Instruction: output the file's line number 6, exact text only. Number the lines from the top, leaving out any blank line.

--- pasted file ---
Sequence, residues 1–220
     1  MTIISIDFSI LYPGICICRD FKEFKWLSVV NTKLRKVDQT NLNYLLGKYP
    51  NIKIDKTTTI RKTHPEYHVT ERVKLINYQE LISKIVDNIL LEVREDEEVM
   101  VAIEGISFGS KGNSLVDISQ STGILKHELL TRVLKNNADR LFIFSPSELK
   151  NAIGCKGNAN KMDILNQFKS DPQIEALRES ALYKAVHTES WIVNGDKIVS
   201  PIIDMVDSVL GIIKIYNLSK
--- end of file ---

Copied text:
   201  PIIDMVDSVL GIIKIYNLSK